One of my biggest fears in the entire world is not being able to have children. As such, this show struck a very deep and very important chord with me, and I was completely blown away by just how stunning a piece of theatre it was.
We watch sisters Marnie and Jen argue and joke their way through life and follow the onslaught of emotion and pain that comes from Marnie learning she has premature ovarian insufficiency, and therefore can’t have children. The simple set of two toilets is unusual and allows the story to evolve in an intriguing way, as each scene takes place in different bathrooms; a private and intimate setting where, it turns out, many of our most private and intimate conversations take place.
The two actresses are perfect as Marnie and Jen, their dialogue casual and relaxed as their interactions range from playful and fond to aggressive and exasperated. Their costumes - one in a black top and pink trousers, the other in a pink top and black trousers - cleverly and simply portray their inherent similarities as sisters, yet at the same time how completely opposite their personalities are.
The script is an incredibly rare masterpiece that manages to flawlessly recreate truly natural and realistic dialogue, with all the ‘um’s and ‘ah’s and interruptions and pauses that are too often missing onstage. It has been directed wonderfully, with excellent emphasis placed on some truly stunning moments of silence, which carry the weight of so much that has and hasn’t been said between the two sisters.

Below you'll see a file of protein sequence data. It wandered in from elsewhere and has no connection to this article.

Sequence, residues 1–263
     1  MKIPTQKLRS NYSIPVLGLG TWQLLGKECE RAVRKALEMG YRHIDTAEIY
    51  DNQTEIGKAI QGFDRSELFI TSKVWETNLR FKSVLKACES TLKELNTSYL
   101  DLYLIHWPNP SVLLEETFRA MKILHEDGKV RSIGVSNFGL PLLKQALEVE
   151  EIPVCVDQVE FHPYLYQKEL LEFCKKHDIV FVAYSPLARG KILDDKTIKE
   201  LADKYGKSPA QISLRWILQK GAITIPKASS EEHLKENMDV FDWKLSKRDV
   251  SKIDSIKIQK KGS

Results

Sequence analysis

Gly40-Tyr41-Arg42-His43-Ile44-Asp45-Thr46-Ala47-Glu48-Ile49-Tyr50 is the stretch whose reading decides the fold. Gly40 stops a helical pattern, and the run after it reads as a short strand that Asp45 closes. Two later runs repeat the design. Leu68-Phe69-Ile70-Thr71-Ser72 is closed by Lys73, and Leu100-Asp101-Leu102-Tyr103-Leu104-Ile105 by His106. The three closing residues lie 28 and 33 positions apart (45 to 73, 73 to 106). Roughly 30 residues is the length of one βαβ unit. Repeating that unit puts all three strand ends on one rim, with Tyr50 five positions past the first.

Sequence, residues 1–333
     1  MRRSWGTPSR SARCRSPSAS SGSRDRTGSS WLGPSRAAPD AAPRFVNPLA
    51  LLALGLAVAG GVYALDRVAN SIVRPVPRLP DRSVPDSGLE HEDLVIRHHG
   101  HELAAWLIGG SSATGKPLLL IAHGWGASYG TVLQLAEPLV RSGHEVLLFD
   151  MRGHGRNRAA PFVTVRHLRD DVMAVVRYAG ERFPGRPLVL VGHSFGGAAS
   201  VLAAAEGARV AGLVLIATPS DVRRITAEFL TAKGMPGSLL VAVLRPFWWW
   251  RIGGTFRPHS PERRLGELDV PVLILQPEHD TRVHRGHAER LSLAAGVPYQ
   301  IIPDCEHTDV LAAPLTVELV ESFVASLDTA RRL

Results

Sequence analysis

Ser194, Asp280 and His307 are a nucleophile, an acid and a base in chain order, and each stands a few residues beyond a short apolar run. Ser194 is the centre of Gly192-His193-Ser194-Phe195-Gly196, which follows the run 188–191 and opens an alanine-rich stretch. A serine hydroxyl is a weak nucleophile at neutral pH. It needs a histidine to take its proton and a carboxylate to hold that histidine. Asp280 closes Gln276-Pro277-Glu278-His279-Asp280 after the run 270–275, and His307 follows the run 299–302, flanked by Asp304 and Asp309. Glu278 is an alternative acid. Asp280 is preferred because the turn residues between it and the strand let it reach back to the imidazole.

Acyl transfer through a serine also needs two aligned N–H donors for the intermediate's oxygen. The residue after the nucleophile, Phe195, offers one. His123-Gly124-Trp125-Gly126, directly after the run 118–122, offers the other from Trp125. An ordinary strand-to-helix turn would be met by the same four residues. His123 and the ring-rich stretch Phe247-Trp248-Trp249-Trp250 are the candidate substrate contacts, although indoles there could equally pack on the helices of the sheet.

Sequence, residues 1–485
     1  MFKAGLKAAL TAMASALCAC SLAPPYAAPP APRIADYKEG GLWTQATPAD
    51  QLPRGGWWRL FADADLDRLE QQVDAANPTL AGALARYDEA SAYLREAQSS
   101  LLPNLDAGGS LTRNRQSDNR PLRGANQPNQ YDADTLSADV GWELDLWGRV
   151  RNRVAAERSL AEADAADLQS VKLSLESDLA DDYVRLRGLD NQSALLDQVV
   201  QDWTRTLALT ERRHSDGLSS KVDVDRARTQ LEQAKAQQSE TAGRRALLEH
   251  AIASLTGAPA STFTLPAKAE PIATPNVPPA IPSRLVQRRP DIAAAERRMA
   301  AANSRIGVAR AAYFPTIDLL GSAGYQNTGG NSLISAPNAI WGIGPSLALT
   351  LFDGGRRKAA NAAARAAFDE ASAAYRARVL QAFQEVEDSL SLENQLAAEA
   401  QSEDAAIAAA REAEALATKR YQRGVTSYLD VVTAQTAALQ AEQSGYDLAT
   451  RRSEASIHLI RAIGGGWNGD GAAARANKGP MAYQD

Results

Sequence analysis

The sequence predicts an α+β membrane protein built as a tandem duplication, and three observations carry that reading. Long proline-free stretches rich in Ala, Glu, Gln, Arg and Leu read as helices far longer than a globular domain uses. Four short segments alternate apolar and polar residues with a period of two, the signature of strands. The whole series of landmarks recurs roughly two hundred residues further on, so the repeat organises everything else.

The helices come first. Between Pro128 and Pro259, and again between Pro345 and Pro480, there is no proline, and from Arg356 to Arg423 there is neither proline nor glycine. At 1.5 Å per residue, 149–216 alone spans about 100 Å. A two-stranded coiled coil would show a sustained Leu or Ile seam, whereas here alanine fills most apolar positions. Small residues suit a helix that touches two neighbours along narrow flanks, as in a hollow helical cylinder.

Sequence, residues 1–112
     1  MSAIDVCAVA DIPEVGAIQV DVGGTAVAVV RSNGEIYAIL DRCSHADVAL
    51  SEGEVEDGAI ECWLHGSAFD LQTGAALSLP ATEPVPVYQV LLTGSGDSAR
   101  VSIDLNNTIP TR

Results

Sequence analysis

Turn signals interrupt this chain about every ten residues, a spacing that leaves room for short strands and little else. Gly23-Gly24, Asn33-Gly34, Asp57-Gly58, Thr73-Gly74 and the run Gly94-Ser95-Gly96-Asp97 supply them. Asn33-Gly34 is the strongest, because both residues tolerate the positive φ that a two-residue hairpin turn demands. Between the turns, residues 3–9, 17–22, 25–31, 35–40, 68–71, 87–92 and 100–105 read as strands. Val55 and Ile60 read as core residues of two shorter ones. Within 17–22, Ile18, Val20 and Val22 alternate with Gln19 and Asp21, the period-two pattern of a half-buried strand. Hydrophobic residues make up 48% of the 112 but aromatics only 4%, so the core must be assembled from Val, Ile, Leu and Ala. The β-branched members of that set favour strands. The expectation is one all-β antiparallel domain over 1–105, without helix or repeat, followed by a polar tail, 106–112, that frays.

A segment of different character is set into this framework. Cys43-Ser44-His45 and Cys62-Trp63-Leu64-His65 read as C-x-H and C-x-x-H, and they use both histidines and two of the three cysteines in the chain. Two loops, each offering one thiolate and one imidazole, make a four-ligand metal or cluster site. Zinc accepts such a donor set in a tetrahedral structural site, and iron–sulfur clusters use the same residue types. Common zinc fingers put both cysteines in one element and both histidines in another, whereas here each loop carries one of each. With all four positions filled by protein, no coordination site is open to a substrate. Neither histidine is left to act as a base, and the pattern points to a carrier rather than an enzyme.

I am unashamed to say I cried, a lot, but I also laughed a lot. This isn’t a sad or depressing piece; far from it. There is so much light and so much dark and so much depth in this play; it is a true snapshot of life, with all its crazy ups and downs. Even several hours later I am tearing up writing this review.
It’s shows like this that make Fringe worth it. All the terrible and mediocre shows, all the early mornings and late nights, they’re all worth every single second to find diamonds like this.
I could go on for hours about how much I loved Flushed, but instead, I’m just telling you to go and see it. Whoever you are, whatever your story is, please, go and see this play.
Flushed is on at 15:40 at Underbelly, Cowgate until August 26th, excluding the 13th. For more information and to purchase tickets, visit the EdFringe website.
Theatre Unlocked also published a guest blog on Voice about POI, which you are able to read here.